CHILDREN, FAMILY AND YOUNG PEOPLE
there are almost 15 million children and young people
up to the age of 19. This represents almost a quarter
of the UK population. Young people are considered
to be a group with their own identity, interests,
and fashions that in some ways distinguish them from
older people. Generally speaking, once they reach
adulthood, children tend to move away from the family
home, but this varies from one family and one community
to another. Most children in Britain
receive weekly pocket money from their parents, and
many get more for doing jobs around the house.
today in the UK
do not play outside the home as much as they did in
the past. Home entertainment, such as television,
videos, and computers, are seen as part of the reason
for this, but so also is an increased concern for
children's safety. Incidents of child molestation
by strangers are often reported in great detail, but
there is no evidence that dangers of this kind are
a result of changing attitudes towards divorce and
separation, family patterns in Britain
have also changed considerably in the last 20 years.
Today while 65 per cent of children live with both
birth parents, almost 25 per cent live in lone parent
families, and 10 per cent live within a step family.
Government places great importance on the need to
assess and test pupils in order to know what they
have achieved. Compulsory testing takes place at the
ages of seven, eleven and fourteen in England
(but not in Wales where more
informal methods of assessment are favoured).
These tests help to give parents a good indication
of their children's progress and children know the
subjects they are doing well and those that need extra
young people take GCSE (General Certificate of Secondary
Education) examinations at sixteen, and many take
vocational qualifications, A/S and A levels (Advanced
levels), at seventeen and eighteen.
in three young people now move onto higher education
after school. The Government aim is to reach one in
two. Of those that do, some defer their university
entrance by taking a year out. This often includes
periods doing voluntary work, traveling overseas,
or earning money to pay for fees and living expenses
is now common for young people to have a part-time
job whilst they are still at school. Recent estimates
suggest that there are two million children at work
at any one time. The most common jobs are newspaper
delivery and work in supermarkets and newsagents.
Many parents believe that part-time work of this kind
helps children to become more independent, as well
as providing them (and sometimes their family) with
is important to note, however, that the employment
of children is strictly controlled by law, and that
there are concerns for the safety of children who
work illegally or are not properly supervised.
parents in Britain worry
that their children may misuse addictive substances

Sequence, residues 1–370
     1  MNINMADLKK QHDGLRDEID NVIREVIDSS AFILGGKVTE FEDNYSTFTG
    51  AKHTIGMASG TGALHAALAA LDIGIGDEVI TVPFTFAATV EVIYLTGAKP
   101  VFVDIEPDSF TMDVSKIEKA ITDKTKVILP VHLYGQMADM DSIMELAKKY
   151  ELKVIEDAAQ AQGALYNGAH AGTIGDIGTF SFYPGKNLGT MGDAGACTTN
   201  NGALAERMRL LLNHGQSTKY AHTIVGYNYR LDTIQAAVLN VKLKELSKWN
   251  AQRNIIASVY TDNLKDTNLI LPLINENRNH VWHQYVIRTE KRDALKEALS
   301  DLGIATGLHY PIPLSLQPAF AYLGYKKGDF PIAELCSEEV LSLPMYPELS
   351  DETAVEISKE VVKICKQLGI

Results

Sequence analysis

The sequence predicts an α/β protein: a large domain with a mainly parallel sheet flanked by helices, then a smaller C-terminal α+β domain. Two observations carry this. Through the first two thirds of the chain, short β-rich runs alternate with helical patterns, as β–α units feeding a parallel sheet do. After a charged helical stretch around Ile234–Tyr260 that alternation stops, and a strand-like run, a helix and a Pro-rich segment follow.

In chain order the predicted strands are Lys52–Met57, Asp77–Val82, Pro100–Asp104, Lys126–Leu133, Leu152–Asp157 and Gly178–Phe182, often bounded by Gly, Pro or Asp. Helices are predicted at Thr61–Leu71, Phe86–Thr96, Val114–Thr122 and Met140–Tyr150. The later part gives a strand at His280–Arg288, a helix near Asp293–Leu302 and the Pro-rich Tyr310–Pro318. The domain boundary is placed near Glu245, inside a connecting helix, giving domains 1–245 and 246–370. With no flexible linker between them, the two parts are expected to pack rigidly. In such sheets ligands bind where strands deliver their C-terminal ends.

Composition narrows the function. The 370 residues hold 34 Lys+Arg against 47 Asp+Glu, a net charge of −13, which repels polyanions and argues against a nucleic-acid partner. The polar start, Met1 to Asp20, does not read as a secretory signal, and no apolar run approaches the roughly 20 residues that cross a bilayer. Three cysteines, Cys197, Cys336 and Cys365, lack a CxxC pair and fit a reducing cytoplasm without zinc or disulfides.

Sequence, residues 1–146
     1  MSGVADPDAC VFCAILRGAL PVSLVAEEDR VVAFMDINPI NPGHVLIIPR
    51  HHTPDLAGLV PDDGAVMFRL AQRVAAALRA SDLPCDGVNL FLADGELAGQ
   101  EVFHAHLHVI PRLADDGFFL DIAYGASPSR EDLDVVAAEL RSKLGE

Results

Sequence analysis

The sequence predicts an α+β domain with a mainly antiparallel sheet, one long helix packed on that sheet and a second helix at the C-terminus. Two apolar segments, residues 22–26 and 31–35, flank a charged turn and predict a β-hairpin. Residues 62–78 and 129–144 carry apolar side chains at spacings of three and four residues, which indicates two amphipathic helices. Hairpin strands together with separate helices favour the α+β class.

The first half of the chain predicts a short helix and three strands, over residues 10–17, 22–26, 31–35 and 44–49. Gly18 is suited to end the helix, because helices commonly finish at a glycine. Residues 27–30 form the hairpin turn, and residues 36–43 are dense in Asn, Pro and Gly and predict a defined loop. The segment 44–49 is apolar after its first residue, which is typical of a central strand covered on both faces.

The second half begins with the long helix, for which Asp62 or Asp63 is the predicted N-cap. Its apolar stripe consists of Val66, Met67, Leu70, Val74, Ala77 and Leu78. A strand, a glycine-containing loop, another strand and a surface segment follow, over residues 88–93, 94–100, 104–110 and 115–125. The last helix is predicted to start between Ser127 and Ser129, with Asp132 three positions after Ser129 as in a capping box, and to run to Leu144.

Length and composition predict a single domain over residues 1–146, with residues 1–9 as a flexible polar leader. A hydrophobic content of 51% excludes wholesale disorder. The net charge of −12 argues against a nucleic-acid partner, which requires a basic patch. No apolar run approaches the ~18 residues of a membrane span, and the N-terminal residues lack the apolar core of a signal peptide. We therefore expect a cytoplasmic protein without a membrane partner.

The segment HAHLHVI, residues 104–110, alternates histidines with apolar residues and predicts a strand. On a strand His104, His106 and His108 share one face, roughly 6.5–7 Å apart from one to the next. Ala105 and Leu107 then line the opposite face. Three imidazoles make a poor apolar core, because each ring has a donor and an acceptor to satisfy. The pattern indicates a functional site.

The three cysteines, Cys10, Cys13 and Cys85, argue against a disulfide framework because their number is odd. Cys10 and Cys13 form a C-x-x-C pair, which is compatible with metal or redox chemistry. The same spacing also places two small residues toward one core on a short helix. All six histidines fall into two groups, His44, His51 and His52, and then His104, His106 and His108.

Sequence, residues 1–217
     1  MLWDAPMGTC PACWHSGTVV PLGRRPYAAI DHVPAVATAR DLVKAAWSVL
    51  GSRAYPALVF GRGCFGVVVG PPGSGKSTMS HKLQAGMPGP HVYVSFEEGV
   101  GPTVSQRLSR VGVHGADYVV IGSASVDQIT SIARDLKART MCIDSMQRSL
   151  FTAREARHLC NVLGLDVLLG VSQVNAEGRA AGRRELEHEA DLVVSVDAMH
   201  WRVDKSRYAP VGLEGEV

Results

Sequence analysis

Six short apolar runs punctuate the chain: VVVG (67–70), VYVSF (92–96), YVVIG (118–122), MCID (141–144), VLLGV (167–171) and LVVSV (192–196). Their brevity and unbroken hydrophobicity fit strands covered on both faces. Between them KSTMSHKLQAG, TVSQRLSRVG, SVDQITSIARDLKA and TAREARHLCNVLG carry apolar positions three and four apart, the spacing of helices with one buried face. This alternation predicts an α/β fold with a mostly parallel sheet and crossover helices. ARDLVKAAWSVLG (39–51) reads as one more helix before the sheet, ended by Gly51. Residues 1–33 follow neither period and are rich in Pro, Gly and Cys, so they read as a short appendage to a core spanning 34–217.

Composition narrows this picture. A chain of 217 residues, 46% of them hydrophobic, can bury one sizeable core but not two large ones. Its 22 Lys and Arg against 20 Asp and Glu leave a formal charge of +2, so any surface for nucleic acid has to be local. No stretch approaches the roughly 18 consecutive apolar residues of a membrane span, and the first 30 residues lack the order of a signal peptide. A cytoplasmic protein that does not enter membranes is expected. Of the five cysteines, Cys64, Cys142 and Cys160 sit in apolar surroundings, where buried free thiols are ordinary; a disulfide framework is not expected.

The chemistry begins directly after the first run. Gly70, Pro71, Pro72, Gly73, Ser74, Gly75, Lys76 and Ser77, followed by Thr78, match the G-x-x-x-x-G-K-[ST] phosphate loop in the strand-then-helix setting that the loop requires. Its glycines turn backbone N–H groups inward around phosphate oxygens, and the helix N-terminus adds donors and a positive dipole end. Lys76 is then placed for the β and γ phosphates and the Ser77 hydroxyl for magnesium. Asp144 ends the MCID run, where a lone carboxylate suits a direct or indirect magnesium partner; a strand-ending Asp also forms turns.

and drugs in some way.
Cigarette consumption in Britain
has fallen significantly and now only a minority of
the population smoke. Restrictions are planned against
smoking in public places. Smoking has declined amongst
young people as well as adults, although statistics
show that girls smoke more than boys. Tobacco, bylaw,
should not be sold to anyone under the age of 16.
abuse is a problem. Although young people below the
age of 18 are not allowed by law to buy alcohol, there
is concern in Britain over the age at which some young
people start drinking, and the amount of alcohol that
they consume in one session or "binge", Increasing
penalties including on-the-spot fines are being introduced
to help control this.
drugs are illegal drugs. It is an offence in Britain to possess, produce, or supply
substances such as heroin, cocaine, ecstasy, amphetamines,
and cannabis. However, current statistics indicate
that half of young adults, and about a third of the
population as awhile, have used illegal drugs at one
time or another -
sometimes only as an experiment.
is a well-established link between the use of hard
drugs (eg crack cocaine
and heroin) and crime, and it is widely accepted that
drug misuse carries a huge social and financial cost
to the country. Much crime, such as burglary or stealing
in the Street by threat or violence (called mugging)
is associated with wanting money for drugs. The task
of finding an effective way of dealing with this problem
is an important issue facing British society.
Young people's attitudes and action
people in Britain are able
to vote in elections from the age of 18. However,
in the 2001 general election, only one in five potential
first-time voters actually cast their vote, and there
has been a great debate over the reasons for this.
Researchers have concluded that one reason is young
people's distrust of politicians and the political
many young people show little interest in party politics,
there is strong evidence that they are interested
in some specific political issues. Those who commonly
say they are not interested in politics at all often
express strong concern about environmental issues
and cruelty to animals.
survey of the attitudes of young people in England
in 2003 revealed that crime, drugs, war/terrorism,
racism, and health were the five most important issues
that they felt Britain
faced today. The same survey asked young people about
their participation in political and community events.
It was reported that 86 per cent of young people had
taken part in some form of community activity over
the past year. 50 per cent had taken part in fund-raising
or collecting money for charity.